Assistant District Attorney: Jasmine Favors (Political Science 2017) has an interest in becoming a criminal prosecutor. She plans on attending law school in either the New York City vicinity or out of sate after Daemen College.








Assistant District Attorney: Annabel Pietrocarlo (2017, Liberal Studies) is pursuing her Liberal Studies degree with a concentration in political science and law. After graduation, she plans to become a certified massage therapist.












Witness (Officer Bugg Winchester): Jenil Bell (Political Science 2017) is interested in going to law school and becoming a lawyer after graduating from Daemen College. 


Witness (Pat Walters): Brooklyn Crockton (Political Science and English ) likes to eat ice cream while watching court room dramas. She is considering law school as one of several options upon graduation.



Witness (Tina O’Reilly): Hannah Gerber (Political Science 2018) is a member of the Pre-Law Association. She is interested in becoming a criminal lawyer and plans to attend law school after graduating from Daemen College. 

The Defense 

Defense Attorney: Imani Evans (Political Science 2018) is involved in Pre-Law association and is highly interested in politics, preforming arts, and communications. Her dream is to host her very own talk show.

Defense Attorney: Sassy Fernandez (Business Administration 2016) is specializing in International Business with a minor in Pre-Law. Her interests are economics, politics, and fashion. Sassy has played tennis for five years including one year on the Daemen Women's Tennis Team. She is currently interning for Senator Kirsten Gillibrand (D-NY) in downtown Buffalo. 


Defense Attorney: Taqiyah Gibbons (History and Political Science 2018) is the Vice President of the Black Student Union and a member of both the Pre-law club and the History and Government Club. In the future she is planning on becoming both a Historian and a Lawyer. 

Witness (Vice Principle Faye Zelleger): Fati Haruna (Political Science 2018) is captain of the step team, as well as a member of many different clubs on campus that promote diversity and creativity. She has always had an interest in the court system and attended Moot Court last spring at the academic festival as a juror.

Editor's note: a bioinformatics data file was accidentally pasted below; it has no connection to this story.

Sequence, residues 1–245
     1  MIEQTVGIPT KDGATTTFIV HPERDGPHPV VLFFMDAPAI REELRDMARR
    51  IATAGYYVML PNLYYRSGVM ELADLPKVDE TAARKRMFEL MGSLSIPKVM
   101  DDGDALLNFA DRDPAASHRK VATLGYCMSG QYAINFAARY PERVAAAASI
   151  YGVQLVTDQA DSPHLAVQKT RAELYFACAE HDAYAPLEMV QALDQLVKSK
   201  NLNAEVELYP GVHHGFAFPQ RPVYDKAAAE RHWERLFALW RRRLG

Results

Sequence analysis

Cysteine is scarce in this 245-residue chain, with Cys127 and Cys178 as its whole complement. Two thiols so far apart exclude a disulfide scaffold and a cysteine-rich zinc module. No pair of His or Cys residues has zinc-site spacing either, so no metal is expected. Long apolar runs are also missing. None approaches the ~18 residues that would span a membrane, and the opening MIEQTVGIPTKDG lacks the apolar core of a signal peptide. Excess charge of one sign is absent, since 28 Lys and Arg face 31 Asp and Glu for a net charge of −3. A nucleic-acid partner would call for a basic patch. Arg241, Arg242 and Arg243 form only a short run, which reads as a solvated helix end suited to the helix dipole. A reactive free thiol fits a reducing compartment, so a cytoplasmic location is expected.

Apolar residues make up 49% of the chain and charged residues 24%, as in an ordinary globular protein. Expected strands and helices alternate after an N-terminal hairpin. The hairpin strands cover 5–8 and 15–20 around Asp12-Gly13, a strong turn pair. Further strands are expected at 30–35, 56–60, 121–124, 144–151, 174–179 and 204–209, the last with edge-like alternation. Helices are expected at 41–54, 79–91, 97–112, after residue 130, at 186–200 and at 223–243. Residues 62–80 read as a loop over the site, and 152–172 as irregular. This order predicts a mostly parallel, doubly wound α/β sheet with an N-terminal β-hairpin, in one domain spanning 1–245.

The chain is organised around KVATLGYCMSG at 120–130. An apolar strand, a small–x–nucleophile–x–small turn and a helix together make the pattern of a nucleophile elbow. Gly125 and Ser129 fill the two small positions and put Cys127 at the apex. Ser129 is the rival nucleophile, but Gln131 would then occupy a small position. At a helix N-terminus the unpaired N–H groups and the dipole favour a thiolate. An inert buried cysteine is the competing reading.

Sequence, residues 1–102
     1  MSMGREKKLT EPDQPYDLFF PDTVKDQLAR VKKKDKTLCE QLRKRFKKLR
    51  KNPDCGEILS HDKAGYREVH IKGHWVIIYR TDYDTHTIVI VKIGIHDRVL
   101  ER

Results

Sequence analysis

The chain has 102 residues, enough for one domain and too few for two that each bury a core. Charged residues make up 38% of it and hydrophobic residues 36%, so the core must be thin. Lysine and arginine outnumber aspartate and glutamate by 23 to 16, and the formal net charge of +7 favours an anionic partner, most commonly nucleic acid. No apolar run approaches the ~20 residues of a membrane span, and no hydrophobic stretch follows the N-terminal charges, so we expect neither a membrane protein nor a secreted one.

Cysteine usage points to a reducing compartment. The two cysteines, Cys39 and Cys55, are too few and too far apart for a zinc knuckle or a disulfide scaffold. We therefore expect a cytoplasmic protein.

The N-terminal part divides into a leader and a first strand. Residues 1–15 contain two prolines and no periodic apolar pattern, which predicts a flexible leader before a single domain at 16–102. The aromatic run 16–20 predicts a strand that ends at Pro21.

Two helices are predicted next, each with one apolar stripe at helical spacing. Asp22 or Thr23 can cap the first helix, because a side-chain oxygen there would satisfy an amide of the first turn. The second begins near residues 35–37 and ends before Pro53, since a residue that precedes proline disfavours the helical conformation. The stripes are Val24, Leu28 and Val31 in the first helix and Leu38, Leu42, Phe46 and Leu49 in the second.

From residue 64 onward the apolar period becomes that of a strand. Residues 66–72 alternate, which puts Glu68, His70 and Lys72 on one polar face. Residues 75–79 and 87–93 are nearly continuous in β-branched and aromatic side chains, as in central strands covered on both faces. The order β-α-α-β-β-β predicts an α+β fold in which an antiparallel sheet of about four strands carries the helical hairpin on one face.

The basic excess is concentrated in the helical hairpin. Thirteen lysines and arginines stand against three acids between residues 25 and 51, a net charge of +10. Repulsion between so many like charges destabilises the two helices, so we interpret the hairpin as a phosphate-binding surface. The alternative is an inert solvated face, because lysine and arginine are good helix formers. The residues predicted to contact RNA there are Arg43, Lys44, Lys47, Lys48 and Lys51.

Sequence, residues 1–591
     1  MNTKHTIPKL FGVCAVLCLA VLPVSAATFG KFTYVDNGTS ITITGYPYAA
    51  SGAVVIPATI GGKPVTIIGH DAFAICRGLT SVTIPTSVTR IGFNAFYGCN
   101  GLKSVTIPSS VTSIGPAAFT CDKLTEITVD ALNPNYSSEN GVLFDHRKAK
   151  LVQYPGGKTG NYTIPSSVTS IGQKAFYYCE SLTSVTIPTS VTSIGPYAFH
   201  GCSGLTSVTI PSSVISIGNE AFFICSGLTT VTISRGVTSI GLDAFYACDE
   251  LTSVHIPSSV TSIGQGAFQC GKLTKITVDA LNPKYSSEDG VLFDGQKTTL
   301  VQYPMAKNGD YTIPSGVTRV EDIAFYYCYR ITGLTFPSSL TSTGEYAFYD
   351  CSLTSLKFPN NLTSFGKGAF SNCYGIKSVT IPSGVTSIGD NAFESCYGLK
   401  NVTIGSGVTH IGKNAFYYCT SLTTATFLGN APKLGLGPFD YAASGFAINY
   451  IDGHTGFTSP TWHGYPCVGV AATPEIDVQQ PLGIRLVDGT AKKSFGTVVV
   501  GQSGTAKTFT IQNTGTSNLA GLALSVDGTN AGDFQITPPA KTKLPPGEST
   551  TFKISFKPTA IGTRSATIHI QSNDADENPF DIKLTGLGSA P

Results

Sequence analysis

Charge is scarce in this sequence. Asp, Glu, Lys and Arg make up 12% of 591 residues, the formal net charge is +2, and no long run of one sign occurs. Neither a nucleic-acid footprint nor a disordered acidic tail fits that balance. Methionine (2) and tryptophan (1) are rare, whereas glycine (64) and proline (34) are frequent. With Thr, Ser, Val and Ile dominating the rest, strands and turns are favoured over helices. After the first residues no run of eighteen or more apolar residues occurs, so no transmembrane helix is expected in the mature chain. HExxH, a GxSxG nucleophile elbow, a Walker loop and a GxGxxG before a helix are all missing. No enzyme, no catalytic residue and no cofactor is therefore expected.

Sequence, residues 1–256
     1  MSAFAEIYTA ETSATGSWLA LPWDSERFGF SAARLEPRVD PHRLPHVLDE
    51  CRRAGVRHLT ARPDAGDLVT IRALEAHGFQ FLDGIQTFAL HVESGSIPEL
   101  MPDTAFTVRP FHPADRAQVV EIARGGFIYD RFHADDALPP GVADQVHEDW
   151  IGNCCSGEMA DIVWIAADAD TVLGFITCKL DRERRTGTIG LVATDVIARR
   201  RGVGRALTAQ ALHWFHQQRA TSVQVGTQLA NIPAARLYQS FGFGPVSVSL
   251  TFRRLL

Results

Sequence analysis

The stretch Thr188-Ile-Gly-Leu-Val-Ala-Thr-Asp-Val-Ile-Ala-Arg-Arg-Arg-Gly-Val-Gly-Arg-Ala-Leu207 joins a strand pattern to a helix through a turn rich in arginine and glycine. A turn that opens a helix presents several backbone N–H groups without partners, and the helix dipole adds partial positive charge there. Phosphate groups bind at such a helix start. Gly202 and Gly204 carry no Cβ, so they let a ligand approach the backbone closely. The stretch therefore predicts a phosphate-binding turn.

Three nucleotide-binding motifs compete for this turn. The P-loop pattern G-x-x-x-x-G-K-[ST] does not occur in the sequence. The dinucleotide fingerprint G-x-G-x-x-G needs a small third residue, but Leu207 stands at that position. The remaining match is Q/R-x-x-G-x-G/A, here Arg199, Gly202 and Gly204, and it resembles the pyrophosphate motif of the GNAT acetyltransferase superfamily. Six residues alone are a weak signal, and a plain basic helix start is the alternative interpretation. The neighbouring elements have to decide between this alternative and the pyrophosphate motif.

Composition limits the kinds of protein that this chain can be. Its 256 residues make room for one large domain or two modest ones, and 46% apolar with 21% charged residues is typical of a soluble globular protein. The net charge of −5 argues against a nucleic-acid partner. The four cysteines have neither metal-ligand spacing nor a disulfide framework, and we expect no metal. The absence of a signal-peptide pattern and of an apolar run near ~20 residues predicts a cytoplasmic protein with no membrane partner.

Defendant (Carson White): Shamella Jeffers (History and Political Science 2018, minor in Black Studies) is the Sophomore class president, Historian of Cynergy and Secretary of Club Caribana. She wants to be an A.P. U.S. History teacher after being in the classroom for a few years. She also wants to work for the Department of Education to change the history curriculum.


Witness (Dana Reuter): Kayla Stannard (Physical Therapy BA:2018 DPT:2020) is a sister of Sigma Omega Chi sorority and is in the Honors Program and CRU as well. She participated in Moot Court throughout high school and was in the event at Daemen last year as a juror.
in schools.



Faculty Sponsors of the Event included: Dr. Lisa Parshall, Associate Professor of Political Science & Pre Law Advisor (PLSA Advisor), Dr. Jay Wendland, Assistant Professor of Political Science, and Dr. Heike Peckruhn, Assistant Professor of Religious Studies. 

Monday, May 9, 2016

Model UN at Academic Festival: Guest Blogger Brianna Zichettella

Model UN at the 2016 Academic Festival 
As the most powerful body of the United Nations, the Security Council is dedicated to maintaining peace and security on a global level. At this year’s Academic Festival, to help bridge the gap between theory and application, Daemen students participated in the History and Political Science Department’s annual Model United Nations simulation. This year’s resolution focused on the ongoing peace talks to end the 5 year old Syrian Civil War. The simulation was sponsored by Dr. Aakriti Tandon, Assistant Professor of Political Science at Daemen College. Students from PSC 121: International Relations class represented countries including China, France, Germany, Iraq, Russia, Saudi Arabia, Syria, Turkey, the United Kingdom, and the United States. Students from PSC 231: Global Governance class represented relevant non-state actors including NGOs, the Free Syrian Army as well as UN Under Secretary Generals (USGs) and debate moderators.